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Keeping the Lines of Communication Open


When working on the article "Wireless Security—Probably" for the Dr. Dobb's Report newsletter, I learned that wireless sensor networks—those networks of devices that monitor everything from earthquakes to secure military operations—are susceptible to attack by intruders. However, a trio of computer scientists has come up with a "Probabilistic Voting-based Filtering Scheme" to ward off intrusions. Reading this report led David Mulchy to forward a note gleaned from www.jamesoberg.com:

"On April 5, 1975, two cosmonauts were dumped onto the Altai Mountains in the world's first manned space launch abort. Pilot Vasily Lazarev and flight engineer Oleg Makarov survived a harrowing 20 G descent and then a bouncing ride down a mountainside before their spacecraft came to a safe stop. They came as close to dying as anyone can and later talk about it."

Jim Oberg's book Red Star in Orbit goes into further detail. After the separation failed the spacecraft was spinning at 30 rpm. The ground controllers thought everything was normal because the ground control software was programmed not to display the data if the data was unreasonable. Sometimes sensors tell the truth even when their outputs seem unreasonable.

Likewise, "Multicore Goes to the Movies" described DreamWorks Animation's plan to release all of its movies in 3D, thanks to Intel multicore processors and parallelization tools. Which prompted Jim Gyer to send this explanation of 3D glasses:

The red/blue glasses were for B&W movies. There were a few color 3D movies. That was late '50s. At least the ones I saw used a polarized light scheme with "grayish" glasses, so that's not wildly new. To my young eyes, it seemed that one projector showed what was simply a 2D color version of the movie through a polarized filter. That's what was distributed to theaters that didn't want the extra grief of 3D, drive-ins, and later TV. The second projector showed (at least what appeared to be) a "thin" B&W version of the movie through a different filter. It was really very dark gray and slightly lighter gray (little light to wash out the color image). If you looked at the screen without glasses, you saw a normal color image with a very pale "ghost" image. It may have had some very washed out color but I think it was pure B&W. The rest of the "deception" was supplied by the brain.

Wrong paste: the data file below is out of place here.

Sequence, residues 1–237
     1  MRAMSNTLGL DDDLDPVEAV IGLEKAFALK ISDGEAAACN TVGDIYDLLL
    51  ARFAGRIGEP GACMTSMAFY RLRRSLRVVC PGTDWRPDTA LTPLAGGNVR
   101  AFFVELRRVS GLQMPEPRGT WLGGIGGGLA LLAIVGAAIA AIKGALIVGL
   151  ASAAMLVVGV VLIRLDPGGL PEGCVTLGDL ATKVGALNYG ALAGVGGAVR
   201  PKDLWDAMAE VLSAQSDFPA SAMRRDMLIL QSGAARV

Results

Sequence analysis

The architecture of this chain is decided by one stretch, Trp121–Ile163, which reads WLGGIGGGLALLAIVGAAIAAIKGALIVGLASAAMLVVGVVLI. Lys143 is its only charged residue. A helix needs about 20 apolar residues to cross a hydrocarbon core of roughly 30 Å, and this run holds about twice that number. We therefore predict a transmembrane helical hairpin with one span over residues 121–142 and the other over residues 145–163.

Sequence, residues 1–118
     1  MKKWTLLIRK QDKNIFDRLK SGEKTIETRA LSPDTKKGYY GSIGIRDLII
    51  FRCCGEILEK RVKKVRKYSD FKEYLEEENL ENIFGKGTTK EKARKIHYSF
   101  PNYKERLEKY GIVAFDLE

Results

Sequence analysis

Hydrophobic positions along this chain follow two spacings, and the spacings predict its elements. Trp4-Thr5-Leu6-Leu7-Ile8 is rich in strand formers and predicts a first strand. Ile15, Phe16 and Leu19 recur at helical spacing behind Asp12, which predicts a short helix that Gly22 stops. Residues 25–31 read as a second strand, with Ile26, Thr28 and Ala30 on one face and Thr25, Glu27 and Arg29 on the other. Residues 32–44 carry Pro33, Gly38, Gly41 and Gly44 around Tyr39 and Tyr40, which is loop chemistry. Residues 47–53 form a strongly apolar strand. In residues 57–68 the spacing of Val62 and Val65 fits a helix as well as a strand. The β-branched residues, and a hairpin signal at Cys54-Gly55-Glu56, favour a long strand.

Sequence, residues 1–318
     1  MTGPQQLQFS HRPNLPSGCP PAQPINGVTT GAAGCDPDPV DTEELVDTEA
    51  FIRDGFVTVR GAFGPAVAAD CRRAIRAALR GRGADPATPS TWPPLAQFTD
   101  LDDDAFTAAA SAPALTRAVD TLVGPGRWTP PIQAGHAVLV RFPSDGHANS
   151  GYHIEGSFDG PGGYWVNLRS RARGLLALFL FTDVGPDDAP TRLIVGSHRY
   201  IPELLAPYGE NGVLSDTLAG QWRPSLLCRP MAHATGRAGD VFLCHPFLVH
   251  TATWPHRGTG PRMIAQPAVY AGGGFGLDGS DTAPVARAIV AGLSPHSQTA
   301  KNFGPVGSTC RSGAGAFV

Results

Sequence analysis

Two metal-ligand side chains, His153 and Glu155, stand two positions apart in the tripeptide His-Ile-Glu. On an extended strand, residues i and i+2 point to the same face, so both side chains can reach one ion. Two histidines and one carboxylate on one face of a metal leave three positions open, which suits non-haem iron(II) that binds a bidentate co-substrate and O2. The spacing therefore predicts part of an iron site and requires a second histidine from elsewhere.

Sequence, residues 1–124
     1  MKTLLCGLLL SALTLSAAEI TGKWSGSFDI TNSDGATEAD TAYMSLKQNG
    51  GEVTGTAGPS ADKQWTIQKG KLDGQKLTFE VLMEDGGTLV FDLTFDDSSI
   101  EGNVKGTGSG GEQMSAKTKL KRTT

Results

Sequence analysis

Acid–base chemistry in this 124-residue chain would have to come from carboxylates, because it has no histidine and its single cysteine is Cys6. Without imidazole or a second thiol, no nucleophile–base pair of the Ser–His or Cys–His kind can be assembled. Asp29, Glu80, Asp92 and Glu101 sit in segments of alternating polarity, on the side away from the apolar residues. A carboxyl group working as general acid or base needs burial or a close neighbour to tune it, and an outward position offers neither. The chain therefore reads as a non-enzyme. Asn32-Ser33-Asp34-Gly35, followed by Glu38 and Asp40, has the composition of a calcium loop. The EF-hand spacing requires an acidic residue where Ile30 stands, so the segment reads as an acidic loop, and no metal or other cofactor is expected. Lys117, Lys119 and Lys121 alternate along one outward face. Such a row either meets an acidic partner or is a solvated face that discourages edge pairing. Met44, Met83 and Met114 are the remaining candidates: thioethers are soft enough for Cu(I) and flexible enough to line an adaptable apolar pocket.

Speaking of multicore, Chris Boes wanted to remind me about National Instrument's LabVIEW (and no, he isn't an NI employee):

Have you ever looked at National Instrument's LabVIEW? LabVIEW is a graphical, data-flow programming language that is designed for engineers and scientists. By design, LabVIEW is also a highly parallelized programming language for the creation of threads for code that must execute simultaneously. Because of this design, National Instruments has been able to adapt the language to take advantage of multi-core processors. A developer can create threads and assign them cores and priorities to optimize code and resources.

Then around Labor Day, I acknowledged in "Happy Birthday Packet Switching, or Laboring on Labor Day" Leonard Kleinrock getting a National Medal of Science for his pioneering work with packet switching and network connections on Labor Day nearly 40 years ago. Harlan Cohen pointed out that I failed to mention some important trivia: What was the first message to be sent over the Internet (ARPANET)? Says Harlan:

The message itself was simply the word "login." The "l" and the "o" transmitted without problem but then the system crashed. Hence, the first message on the ARPANET was "lo".

Coincidence being what it is, "Turning PCs into Digital Radio Transmitters" described a project called Gram-Vaani ("voice-of-the-village"), which connects rural radio stations in India to the Internet via software and computer-based FM transmitters, cutting station startup costs from an estimated $50,000 to $2,500. Bob Cummings reported he kicked off a similar project:

I just launched WWTF radio last weekend. Where I live, there isn't an option for broadband except satellite. And that is wicked expensive. And the rural community will not support a very eclectic radio station. So with a card from http://www.pcs-electronics.com/2007-stereo-transmitter-card-p-968.html I launched WWTF. Right now, I can only broadcast about a quarter mile. I just run a jumper cable from the sound card to the PCIMAX2700+ card, start up the supplied software to dial into a non-used frequency, and I am on the air (currently at 88.1 on your FM dial). Running on my old file/back-up server (1.2 Athalon with about 1.5 gig of RAM) just fine. Total investment of less than $200.

There you have it folks. Keep those e-cards and e-letters coming, and those lines of communication open.

Jonathan Erickson

Editor-in-Chief

jerickson@ddj.com


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